May I come in on Thursday's business?

No. We will get to Thursday's in a minute.

It is on the same issue.

Go on. The Deputy might as well.

It relates to the Brexit debate. I said this before Christmas. We have a difficulty, as a party with up to 45 Deputies, with a pattern that has developed. My understanding was that a conclusion had arisen out of the Dáil reform committee that proportionate time would be allocated to the larger parties that would allow those parties to come back in a second time on substantive debates. Deputy Ryan is correct to stand up for the rights of Members of Parliament. I am standing up for the rights of the members of my parliamentary party. I signalled this before Christmas. A pattern has developed whereby there is a set 15 minutes for a party with 45 Deputies and a set 15 minutes for a party or grouping with two or three Deputies.

The Deputy is trying to squeeze out the Independents.

No, I am not at all.

Fianna Fáil and Fine Gael are the one party now.

What emerged from the reform committee was that-----

Put them in together - full stop.

-----there would be a second opportunity for Members of the larger parties to contribute to a debate, but the debates have been shortened. The Government's initial proposal of a five-minute speech from each of the main representatives of each party on Brexit was insulting to the Dáil. It was just pathetic. This is the defining issue of our time, and the Government was offering five minutes to each party. Obviously, I do not mind any party having a say and an opportunity, but we have 45 Deputies. There must be some degree of proportionality. D'Hondt does not apply to debating time; it applies to everything else. I say this only in the interests of fairness and objectivity. A Brexit spokesman can get into a debate but a spokesman on foreign affairs, finance, social protection or agriculture cannot.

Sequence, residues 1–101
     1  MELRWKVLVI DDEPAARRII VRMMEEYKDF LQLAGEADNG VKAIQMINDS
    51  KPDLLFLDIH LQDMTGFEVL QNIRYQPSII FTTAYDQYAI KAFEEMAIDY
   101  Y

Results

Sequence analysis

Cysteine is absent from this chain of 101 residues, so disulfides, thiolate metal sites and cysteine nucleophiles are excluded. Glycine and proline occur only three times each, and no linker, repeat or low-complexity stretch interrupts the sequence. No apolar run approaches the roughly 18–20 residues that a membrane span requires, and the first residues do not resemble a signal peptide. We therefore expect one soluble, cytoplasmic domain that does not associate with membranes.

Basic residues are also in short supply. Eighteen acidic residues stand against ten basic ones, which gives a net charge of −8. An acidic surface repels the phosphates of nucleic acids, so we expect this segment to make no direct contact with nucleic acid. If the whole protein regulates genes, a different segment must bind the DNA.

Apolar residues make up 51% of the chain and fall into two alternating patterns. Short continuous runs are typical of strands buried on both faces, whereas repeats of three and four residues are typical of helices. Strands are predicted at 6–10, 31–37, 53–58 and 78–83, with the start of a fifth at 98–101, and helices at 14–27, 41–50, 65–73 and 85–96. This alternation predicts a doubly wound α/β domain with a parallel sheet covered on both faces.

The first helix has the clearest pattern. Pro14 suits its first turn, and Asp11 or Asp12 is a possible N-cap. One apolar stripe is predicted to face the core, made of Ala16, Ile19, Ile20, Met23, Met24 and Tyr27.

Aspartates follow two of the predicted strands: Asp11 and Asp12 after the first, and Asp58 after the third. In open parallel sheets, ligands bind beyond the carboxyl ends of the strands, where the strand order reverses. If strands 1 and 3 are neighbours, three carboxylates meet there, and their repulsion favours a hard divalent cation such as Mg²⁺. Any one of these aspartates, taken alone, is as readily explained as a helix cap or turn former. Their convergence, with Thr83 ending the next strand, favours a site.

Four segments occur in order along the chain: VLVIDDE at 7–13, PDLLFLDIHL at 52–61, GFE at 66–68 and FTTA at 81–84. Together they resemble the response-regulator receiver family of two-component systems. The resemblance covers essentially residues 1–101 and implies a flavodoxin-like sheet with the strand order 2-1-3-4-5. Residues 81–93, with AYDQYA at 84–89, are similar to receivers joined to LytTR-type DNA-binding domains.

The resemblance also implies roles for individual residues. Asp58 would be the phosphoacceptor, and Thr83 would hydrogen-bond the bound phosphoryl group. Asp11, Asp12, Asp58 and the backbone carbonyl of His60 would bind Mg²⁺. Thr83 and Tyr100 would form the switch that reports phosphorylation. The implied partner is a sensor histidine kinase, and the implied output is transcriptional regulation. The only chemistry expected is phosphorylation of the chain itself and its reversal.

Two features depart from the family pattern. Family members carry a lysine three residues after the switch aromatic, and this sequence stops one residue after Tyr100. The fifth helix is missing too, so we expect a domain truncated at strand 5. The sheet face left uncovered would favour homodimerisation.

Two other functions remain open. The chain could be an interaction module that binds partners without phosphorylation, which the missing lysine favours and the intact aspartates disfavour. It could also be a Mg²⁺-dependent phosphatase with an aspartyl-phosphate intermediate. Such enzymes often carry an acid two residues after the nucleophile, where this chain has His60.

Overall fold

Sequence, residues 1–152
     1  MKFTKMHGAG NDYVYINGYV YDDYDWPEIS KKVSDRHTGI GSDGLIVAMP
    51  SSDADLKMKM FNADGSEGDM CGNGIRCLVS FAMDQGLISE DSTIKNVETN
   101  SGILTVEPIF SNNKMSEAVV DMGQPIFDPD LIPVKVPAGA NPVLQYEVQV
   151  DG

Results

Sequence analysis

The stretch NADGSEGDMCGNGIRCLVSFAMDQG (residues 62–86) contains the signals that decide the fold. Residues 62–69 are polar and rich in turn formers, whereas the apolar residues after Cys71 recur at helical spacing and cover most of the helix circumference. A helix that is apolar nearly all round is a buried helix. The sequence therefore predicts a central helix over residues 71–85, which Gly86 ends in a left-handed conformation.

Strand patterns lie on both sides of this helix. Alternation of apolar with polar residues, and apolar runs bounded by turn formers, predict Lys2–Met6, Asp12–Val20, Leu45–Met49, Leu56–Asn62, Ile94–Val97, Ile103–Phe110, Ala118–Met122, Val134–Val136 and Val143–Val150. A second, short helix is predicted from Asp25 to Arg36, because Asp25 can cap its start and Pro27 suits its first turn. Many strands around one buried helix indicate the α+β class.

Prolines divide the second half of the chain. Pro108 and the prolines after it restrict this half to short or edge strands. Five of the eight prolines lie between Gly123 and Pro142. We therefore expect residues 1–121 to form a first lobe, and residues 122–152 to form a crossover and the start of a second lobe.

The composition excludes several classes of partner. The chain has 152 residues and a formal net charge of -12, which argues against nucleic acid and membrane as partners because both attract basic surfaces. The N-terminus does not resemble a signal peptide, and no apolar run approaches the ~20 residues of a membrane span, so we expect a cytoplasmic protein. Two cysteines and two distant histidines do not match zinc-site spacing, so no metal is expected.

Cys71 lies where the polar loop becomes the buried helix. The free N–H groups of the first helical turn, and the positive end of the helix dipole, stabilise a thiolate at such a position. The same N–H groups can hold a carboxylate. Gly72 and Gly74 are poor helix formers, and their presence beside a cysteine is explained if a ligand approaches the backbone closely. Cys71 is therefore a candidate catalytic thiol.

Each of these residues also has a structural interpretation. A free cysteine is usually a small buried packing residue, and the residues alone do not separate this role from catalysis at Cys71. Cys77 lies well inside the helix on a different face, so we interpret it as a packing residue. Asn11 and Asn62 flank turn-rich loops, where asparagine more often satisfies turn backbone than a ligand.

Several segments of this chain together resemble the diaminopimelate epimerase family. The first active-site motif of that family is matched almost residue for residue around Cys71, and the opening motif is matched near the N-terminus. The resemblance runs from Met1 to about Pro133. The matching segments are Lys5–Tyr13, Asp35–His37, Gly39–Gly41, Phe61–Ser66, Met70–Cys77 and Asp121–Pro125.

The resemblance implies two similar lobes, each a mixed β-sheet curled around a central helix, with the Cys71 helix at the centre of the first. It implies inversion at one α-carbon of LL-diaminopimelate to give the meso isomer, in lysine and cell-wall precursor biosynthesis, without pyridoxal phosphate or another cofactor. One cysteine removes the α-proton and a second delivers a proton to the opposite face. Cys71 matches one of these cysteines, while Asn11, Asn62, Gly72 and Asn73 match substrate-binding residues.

I must say, I agree.

The Taoiseach agrees but he never does anything about it. The idea of 15-----

Fine Gael and Fianna Fáil are all the one now.

It is a very shortened-----

You scratch my back, I scratch yours.

With the greatest of respect, Deputy Healy-Rae's back has been well scratched by the reforms. Dáil reform has been beneficial to all and sundry, and this Dáil has been the fairest to all parties, irrespective of size-----

But not fair enough to the Deputy's party.

-----and no one can contradict that. What has happened here because of Dáil reform since the 2016 general election is unprecedented. That at least should be acknowledged and put on the record. However, there is a need for balance. We all agree with the use of D'Hondt in the allocation of Members to committees.